Flushing COVID away: Santa Cruz back to wastewater testing in hopes of creating better virus surveillance
Consistent wastewater testing begins again this week in Santa Cruz in an effort to know more earlier about local COVID trends. How does the testing work and how might it help track the virus faster?
Your waste will soon become far more valuable as we figure out the seemingly eternal question: How bad is COVID right now in Santa Cruz County?
Starting this week, Lookout has learned, the city of Santa Cruz’s Wastewater Treatment Facility will again begin weekly testing to determine the current incidence of COVID-19 locally and to potentially stay ahead of surges and new variants.
Though Santa Clara County has collected samples seven days a week from each of its four wastewater treatment plants — in Palo Alto, Gilroy, Sunnyvale and San Jose — since October 2020, Santa Cruz is just getting restarted on testing after its own emergency funding dried up more than a year ago.
Now, the Centers for Disease Control and Prevention has extended its own program of testing to include Santa Cruz and other locales. It’s called the National Wastewater Surveillance System. That testing will be done at CDC-contracted labs, based on samples sent by the plant.
Wastewater testing is providing an early indicator of whether COVID-19 cases are increasing or decreasing in Santa Cruz...
The goal is simple: faster local tracking of the virus.
UC Santa Cruz epidemiologist Marm Kilpatrick, a professor of ecology and evolutionary biology, says the value of the study is how it informs disease trajectory.
“Sometimes, in some settings, it gives you a look at cases either rising or falling a couple of days before the case data do,” he told Lookout on Tuesday. “Much of the time people get infected and they’re asymptomatic or mildly symptomatic for a little bit, and it takes a few days before they get tested. By that time, they will have been shedding the virus for some time and the sewage data will show that.”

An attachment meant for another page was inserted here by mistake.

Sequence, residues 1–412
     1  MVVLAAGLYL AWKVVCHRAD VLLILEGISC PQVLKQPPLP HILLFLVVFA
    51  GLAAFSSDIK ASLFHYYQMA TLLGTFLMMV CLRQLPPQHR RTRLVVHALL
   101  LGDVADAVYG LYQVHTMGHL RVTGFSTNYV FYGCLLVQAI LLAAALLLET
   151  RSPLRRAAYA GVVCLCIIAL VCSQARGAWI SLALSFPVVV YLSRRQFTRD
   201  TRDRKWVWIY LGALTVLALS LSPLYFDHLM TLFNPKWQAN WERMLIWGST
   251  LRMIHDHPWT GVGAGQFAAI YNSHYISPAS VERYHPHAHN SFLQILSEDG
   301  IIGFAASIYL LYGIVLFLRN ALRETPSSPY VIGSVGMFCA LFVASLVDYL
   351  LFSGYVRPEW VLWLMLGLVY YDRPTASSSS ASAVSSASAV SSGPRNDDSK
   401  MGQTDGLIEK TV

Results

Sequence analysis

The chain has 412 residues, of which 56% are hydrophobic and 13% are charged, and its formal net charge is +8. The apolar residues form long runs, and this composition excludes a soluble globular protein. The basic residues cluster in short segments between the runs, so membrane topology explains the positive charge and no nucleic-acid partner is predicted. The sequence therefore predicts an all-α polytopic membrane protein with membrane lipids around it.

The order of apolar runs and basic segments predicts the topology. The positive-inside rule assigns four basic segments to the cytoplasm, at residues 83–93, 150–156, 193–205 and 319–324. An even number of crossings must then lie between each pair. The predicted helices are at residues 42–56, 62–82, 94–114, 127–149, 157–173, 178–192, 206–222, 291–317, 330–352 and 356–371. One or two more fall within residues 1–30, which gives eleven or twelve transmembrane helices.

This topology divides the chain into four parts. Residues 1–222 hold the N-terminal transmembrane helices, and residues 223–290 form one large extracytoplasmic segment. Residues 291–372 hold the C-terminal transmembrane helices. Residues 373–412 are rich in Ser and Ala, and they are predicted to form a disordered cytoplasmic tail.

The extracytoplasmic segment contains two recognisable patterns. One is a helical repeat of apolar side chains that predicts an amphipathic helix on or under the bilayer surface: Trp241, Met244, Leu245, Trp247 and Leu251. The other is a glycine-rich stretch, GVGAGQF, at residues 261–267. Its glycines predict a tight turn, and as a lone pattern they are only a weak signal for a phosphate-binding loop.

Sometimes, in some settings, it gives you a look at cases either rising or falling a couple of days before the case data do.
Additionally, by tracking how much virus is being transmitted by people in the population, it is possible to determine what exactly is being spread, he explained.
Also, with the big question being what comes after Omicron, Kilpatrick said, “some counties are actually using it to detect new variants or the fractions of different variants out there.”
With the new sublineage of Omicron recently found in Santa Clara County, wastewater testing could prove immediately useful to staying ahead of its likely emergence in Santa Cruz County.
In Santa Cruz County, the program provides the likelihood of local health leaders getting an earlier virus read, with less reliance on trailing 14-day infection and positivity rates.
For almost two years now, city and county health officials have largely relied on that often-dated data. The fast-spreading Omicron variant has made the numbers only more uncertain. Increased use of at-home rapid tests, their possible false positives and negatives, and the uncertainty of individuals self-reporting results have raised even more questions.
Further, as Omicron has been noted to produce a large number of untracked asymptomatic cases, we’ve all begun to take the numbers with a grain of salt.
How the testing works
The City of Santa Cruz’s wastewater treatment facility, located at 110 California St., will send five samples per week, “two liquids and three solids,” to the CDC for testing at contract labs conducting the program’s testing, says Akin Babatola, the wastewater plant’s laboratory manager, who is heading up the work.